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recognitions or assises; the most difficult of which they are directed to adjourn into the court of common pleas to be there determined. The itinerant justices were sometimes mere justices of assise or of dower, or of gaol-delivery, and the like; and they had sometimes a more general commission, to determine all manner of causes, being constituted justiciarii ad omnia placita: (p) but the present justices of assise and nisi prius are more immediately derived from the statute West. 2. 18 Edw. I. c. 30. which directs them to be assigned out of the king's sworn justices, associating to themselves one or two discreet knights of each county. By statute 27 Edw. I. c. 4. (explained by 12 Edw. II. c. 3.) assises and inquests were allowed to be taken before any one justice of the court in which the plea was brought; associating to him one knight or other approved man of the county. And, lastly, by statute 14 Edw. III. c. 16. inquests of nisi prius may be taken before any justice of either bench (though the plea be not depending in his own court), or before the chief baron of the exchequer, if he be a man of the law or otherwise before the justices of assise, so that one of such justices be a judge of the king's bench or common pleas, or the king's serjeant sworn. They usually make their circuits in the res pective vacations after Hilary and Trinity terms; assises being allowed to be taken in the holy time of lent by consent of the bishops at the king's request, as expressed in statute Westm. 1. 3 Edw. I. c. 51. And it was also usual during the times of popery, for the prelates to grant annual licences
to the justices of assise to administer oaths in holy times; for  oaths being of a sacred nature, the logic of those deluded ages con.
cluded that they must be of ecclesiastical cognizance. (q) The prudent jealousy of our ancestors ordained, (r) that no man of law should be judge of assise in his own county, wherein he was born or doth in babit : and a similar prohibition is found in the civil law, (s) which has carried this principle so far that it is equivalent to the crime of sacrilege, for a man to be governor of the province in which he was born, or has any civil connexion. (1)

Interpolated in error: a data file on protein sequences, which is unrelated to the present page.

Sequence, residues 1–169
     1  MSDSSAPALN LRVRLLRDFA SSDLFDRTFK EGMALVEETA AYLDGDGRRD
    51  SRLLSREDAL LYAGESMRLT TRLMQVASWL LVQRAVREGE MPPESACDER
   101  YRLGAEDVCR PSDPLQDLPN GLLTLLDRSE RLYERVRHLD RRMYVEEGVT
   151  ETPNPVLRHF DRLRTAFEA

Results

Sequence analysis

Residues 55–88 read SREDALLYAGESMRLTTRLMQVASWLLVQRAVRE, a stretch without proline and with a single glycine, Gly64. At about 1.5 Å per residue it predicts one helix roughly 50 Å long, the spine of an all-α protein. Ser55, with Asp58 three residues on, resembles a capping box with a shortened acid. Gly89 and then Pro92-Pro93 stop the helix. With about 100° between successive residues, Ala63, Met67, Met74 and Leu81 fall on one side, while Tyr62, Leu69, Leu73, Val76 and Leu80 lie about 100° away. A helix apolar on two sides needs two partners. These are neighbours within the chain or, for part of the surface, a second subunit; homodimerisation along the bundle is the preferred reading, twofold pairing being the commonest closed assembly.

The judges upon their circuits now sit by virtue of five several autho, rities. 1. The commission of the peace. 2. A commission of oyer and terminer. 3. A commission of general gaol-delivery. The consideration of all which belongs properly to the subsequent book of these commentaries. But the fourth commission is, 4. A commission of assise, di. rected to the justices and serjeants therein named, to take (together with their associates) assises in the several counties; that is, to take the verdict of a peculiar species of jury, called an assise, and summoned for the trial of landed disputes, of which hereafter. The other authority is, 5. That of nisi prius, which is a consequence of the commission of assise, (u) be,
p Bract. 1.3. tr. 1. c. 11.
4 Instances hereof may be met with in the appendix to Spelman's original of the terms, and in MFParker's Antiquities. 209. r Stat. 4 Edw. III. c. 2. 3 Rich. II. c. 2. 33 Hen. VIII. c. 24. u Salk. 454.
Ff. 1, 22, 3,
1 C. 9. 29. 4.
(45) And now by 1 Geo. IV. c. 55. sect. 5. any judge or baron may, on his circuit, amend a record, and make any order in any cause, although it was not in a suit depending in his own
(46) This restriction was construed to extend to every commission of the judges: but it being found very inconvenient, the 12 Geo. II. c. 27. was enacted for the express purpose of authorizing the commissioners of oyer and terminer, and of gaol-delivery, to execute their commissions in the criminal courts within the counties in which they were born, or in which they reside. See 4 Book, 271. This restriction, as to commissioners of assize and nisi prius, was taken off by the 49 Geo. III. c. 91. Christian.
ing annexed to the office of those justices by the statute of Westm. 2. 13 Edw. I. c. 30. and it empowers them to try all questions of fact issuing out of the courts of Westminster, that are then ripe for trial by jury. These by the course of the courts (w) are usually appointed to be tried at Westminster in some Easter or Michaelmas term, by a jury returned from the county wherein the cause of action arises; but with this proviso, nisi prius, unless before the day prefixed the judges of assise come into the county in question. This they are sure to do in the vacations preceding each Easter and Michaelmas term, which saves much expense and trouble. These commissions are constantly accompanied by writs of association, in pursuance of the statutes of Edward I. and II. before [59*] mentioned; whereby certain persons (usually the clerk of assise and his subordinate officers) are directed to associate themselves with the justices and serjeants, and they are required to admit the said persons into their society, in order to take the assises, &c. ; that a sufficient supply of commissioners may never be wanting. But, to prevent the delay of justice by the absence of any of them, there is also issued of course a writ of si non omnes; directing that if all cannot be present, any two of them (a justice or a serjeant being one) may proceed to execute the commission.